PINELLAS PARK - Seven-year-old Milani Ozuna looked longingly at her classmates' lunch boxes full of Doritos and chocolate cupcakes Wednesday afternoon as Kevin Concannon, the U.S. Department of Agriculture's under secretary for food, nutrition and consumer services, and a parade of school officials made their way through the lunchroom of Marjorie Rawlings Elementary School.
The group was there to learn about the innovative ways Pinellas County Schools is offering healthier meals to students, even during the summer.
If they'd asked Milani, though, she could have offered a few suggestions.
"Is it supposed to be healthy food or gross food?" Milani, a rising second-grader at Rawlings, asked her friends as she ripped pieces off her prepackaged peanut butter and jelly sandwich. "I came on my first day, and they had this weird peanut butter sandwich that was frozen ... and even the milk was frozen - not like a milkshake, just like a slushy. Yuck."
In the upcoming school year, the school district's Food Services Department will make sure Milani and more of her classmates get hot lunches and dinners instead of the cold sandwiches, cheese sticks and packaged fruit slices they've been eating all summer.
Pinellas is one of a select few school districts in five states Concannon is visiting to learn about ways increase the number of healthy meals served in schools across the nation. He also met with Manatee County school officials.
Starting next month, four new food trucks that can hold about 500 hot and 400 cold meals will start serving Pinellas schools without kitchens, as well as summer- and after-school programs, where some students will receive free dinners.
This summer, the cold trucks have been delivering more than 4,000 breakfasts, 7,500 lunches and 2,000 snacks to schools hosting Summer Bridge students, after-school programs - even community centers and churches - during the week. Last year, the school district served about 4,000 meals a day in the summer. Anyone younger than 18 can get a free meal from the school district during the summer, said field specialist Steve Pyland, who is in charge of the eight staff members that package the meals each day at Dixie Hollins High School in St. Petersburg. Every meal loaded on the truck gets eaten, he said.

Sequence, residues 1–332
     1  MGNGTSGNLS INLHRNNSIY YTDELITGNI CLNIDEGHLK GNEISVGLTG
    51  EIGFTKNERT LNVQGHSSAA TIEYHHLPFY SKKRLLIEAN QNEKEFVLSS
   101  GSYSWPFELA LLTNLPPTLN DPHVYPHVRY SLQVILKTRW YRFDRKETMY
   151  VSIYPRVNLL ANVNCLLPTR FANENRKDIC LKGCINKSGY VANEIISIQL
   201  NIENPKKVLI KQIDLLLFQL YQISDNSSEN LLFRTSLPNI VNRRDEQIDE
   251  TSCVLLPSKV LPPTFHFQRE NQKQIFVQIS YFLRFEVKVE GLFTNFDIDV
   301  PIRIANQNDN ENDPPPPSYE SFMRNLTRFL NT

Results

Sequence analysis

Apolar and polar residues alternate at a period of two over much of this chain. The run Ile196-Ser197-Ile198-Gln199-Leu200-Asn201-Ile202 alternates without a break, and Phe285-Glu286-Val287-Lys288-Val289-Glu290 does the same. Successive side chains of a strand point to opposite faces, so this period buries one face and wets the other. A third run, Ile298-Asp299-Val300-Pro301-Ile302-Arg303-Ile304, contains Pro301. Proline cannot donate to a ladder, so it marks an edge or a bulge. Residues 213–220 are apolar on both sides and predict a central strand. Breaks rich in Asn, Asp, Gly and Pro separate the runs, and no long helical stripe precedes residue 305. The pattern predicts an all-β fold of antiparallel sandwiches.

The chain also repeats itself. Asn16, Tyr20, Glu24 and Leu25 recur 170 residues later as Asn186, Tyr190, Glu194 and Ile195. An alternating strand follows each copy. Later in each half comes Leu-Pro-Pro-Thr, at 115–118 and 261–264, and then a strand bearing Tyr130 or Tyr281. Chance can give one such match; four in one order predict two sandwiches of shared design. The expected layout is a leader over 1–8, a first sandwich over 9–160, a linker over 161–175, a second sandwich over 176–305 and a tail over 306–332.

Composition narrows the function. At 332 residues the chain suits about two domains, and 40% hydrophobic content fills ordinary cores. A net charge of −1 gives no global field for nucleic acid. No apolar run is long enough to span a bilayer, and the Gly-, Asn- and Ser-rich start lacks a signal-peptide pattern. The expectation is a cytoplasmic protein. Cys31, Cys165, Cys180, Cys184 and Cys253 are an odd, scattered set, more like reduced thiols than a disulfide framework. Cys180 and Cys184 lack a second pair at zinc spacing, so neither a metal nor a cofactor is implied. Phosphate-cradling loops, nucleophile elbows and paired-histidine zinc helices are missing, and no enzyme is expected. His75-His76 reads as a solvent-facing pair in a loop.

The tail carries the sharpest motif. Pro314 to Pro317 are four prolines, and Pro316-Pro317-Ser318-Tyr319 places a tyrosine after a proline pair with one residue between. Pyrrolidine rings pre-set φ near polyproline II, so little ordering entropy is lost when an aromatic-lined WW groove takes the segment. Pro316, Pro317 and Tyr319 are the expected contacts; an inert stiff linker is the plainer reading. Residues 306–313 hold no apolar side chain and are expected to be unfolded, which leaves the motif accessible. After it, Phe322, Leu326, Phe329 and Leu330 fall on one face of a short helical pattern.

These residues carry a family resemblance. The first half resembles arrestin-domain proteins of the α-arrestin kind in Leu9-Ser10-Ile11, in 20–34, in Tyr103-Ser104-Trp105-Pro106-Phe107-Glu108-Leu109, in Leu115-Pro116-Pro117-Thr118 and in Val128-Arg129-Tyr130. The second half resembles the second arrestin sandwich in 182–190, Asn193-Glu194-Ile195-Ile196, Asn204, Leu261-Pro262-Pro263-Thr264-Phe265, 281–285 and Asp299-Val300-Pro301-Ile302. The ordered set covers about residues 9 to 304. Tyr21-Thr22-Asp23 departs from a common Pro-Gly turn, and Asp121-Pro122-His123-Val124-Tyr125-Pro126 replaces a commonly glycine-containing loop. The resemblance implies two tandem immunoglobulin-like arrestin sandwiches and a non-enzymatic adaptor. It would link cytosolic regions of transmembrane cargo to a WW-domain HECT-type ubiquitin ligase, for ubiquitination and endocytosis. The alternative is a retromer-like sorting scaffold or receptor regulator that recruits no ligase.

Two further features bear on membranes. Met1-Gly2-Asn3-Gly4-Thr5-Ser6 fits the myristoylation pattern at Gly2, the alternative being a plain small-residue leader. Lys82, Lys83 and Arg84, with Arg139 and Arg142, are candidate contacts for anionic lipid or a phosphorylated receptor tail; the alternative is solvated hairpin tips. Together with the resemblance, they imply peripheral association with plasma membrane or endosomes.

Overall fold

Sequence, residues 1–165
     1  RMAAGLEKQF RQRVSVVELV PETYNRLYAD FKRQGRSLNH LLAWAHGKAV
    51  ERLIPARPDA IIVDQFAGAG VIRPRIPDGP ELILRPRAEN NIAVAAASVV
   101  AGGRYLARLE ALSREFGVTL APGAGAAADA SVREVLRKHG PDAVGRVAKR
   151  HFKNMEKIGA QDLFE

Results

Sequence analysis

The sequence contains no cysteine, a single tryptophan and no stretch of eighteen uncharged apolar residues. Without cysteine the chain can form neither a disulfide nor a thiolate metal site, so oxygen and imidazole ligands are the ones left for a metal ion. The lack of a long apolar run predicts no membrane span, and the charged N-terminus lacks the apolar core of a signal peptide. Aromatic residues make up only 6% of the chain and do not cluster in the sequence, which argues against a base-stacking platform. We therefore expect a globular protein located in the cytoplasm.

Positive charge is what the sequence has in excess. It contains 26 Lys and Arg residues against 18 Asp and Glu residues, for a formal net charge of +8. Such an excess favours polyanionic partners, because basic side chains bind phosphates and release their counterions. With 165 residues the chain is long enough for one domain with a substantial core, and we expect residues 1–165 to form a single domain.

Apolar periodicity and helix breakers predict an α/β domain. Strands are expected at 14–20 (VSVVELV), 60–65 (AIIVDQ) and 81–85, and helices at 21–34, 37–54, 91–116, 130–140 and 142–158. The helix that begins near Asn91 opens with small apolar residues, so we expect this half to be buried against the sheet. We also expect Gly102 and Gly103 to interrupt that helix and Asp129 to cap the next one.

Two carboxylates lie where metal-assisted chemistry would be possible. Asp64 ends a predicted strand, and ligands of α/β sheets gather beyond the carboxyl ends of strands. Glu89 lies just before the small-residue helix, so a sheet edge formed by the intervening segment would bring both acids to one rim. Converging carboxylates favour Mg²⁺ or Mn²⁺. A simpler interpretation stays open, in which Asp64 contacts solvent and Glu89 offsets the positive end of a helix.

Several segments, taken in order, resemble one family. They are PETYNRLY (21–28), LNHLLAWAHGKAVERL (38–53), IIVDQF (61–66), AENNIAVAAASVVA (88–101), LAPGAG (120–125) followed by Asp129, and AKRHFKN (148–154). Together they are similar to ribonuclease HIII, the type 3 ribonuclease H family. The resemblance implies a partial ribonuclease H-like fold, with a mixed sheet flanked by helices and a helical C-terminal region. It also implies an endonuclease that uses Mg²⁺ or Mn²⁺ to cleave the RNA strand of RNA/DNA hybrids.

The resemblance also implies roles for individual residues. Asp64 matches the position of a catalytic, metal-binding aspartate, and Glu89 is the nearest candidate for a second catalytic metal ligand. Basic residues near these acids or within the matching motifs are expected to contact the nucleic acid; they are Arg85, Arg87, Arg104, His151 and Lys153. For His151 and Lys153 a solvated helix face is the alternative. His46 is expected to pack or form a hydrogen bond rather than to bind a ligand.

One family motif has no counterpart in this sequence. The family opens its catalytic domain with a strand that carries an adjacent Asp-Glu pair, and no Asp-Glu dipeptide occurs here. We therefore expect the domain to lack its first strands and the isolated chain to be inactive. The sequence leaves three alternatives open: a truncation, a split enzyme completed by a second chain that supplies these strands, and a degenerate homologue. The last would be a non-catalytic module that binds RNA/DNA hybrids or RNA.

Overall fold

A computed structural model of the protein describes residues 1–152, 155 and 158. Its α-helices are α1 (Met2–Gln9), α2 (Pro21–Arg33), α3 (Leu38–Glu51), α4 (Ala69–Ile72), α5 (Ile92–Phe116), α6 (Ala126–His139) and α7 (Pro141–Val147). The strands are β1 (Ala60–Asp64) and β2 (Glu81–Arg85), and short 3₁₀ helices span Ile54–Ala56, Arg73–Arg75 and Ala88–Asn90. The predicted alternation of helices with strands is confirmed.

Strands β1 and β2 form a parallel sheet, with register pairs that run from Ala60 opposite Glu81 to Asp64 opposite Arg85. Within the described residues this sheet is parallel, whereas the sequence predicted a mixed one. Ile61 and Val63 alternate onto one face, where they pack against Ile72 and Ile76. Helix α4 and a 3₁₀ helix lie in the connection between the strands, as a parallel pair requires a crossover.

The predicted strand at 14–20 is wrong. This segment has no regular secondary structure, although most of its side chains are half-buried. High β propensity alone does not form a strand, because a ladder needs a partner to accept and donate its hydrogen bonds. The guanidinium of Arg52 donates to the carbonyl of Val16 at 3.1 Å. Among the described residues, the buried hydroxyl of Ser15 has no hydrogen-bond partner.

In August, free, hot dinners will be packed onto food trucks and delivered to two to five schools that host the YMCA's after-school programs, said Lynn Geist, the assistant director of the school district's Food Service Department. School officials hope to expand to all 45 eligible YMCA school programs by Christmas and include schools that have R'Club programs in January. Sites were determined by the number of students that qualify for free- or reduced-price lunches, Geist said.
"A lot of parents in these areas work late, they're tired," Geist said. "They're not coming home and making dinner for their kids. They're trying to go to a fast food restaurant, and that gets expensive after a while.
"Now, we'll do the cooking for them."
In addition to the dinners, 59 Pinellas County schools with high volumes of students getting free- and reduced -price lunches will provide free meals to all students starting in the upcoming school year - not just those whose families qualify for the program. The changes come at no major expense to the school district, as the cost of all the meals is reimbursed by the USDA, and there are no anticipated additional costs, such as trash pickup or electric bills, said Food and Nutrition Supervisor Catherine Gerard. The district hopes the free lunches will help them serve at least 30 percent more students, as it saw a 28-percent increase this past school year when breakfast became free for all students, she said.
Such efforts aren't worth it if kids don't eat the food, Concannon said.
After new guidelines last school year required schools to serve healthier meals to students that met maximum calorie limits, Pinellas County also found ways to encourage kids to eat cafeteria food that Concannon said should be replicated across the nation as schools push to serve more students year-round. Some schools offer prizes for teams of students that try the most new fruits and vegetables and surveys that allow students to give feedback on what menu items they like. Across the county, students can eat as many free fruits and vegetables as they like; the produce often is purchased from local farms and can be as exotic as kiwis and pomegranates. The state Department of Agriculture picks up the cost.
In middle schools, the 180 different foods provided by the USDA, such as canned yams and spinach, are used to make $1 smoothies that are "very popular," Gerard said. Students and cafeteria staff hold competitions to come up with new combinations, she said.
For some students, though, such as 7-year-old Esperanza Herrera, a rising second-grader at Rawlings Elementary, learning to love vegetables will always be a challenge.
"The only way lunch could be better is if they had the stuff that we want, like candy and big brownies," Esperanza said.